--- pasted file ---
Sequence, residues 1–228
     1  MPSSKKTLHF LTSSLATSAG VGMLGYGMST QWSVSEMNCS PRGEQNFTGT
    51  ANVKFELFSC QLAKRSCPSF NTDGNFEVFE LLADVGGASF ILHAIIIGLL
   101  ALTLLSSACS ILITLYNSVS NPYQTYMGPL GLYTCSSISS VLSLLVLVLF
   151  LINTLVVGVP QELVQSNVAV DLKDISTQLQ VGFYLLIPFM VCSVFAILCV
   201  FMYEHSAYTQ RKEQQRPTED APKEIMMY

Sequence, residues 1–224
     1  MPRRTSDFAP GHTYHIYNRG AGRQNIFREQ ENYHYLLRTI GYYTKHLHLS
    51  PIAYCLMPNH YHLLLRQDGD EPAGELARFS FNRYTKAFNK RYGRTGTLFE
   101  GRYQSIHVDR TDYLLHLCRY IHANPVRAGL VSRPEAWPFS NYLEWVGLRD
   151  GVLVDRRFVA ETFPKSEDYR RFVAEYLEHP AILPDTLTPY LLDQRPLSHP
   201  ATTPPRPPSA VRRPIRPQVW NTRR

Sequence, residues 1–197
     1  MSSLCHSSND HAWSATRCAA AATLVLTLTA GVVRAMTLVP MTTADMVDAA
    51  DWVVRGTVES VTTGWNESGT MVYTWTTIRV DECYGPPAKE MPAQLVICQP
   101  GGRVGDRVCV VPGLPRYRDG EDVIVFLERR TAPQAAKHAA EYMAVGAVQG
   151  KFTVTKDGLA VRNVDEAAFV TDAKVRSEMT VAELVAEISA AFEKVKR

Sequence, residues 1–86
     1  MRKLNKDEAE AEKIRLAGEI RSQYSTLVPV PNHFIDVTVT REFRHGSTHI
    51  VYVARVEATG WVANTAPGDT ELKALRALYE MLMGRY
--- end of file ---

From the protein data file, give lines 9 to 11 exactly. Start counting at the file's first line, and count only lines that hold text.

    51  PIAYCLMPNH YHLLLRQDGD EPAGELARFS FNRYTKAFNK RYGRTGTLFE
   101  GRYQSIHVDR TDYLLHLCRY IHANPVRAGL VSRPEAWPFS NYLEWVGLRD
   151  GVLVDRRFVA ETFPKSEDYR RFVAEYLEHP AILPDTLTPY LLDQRPLSHP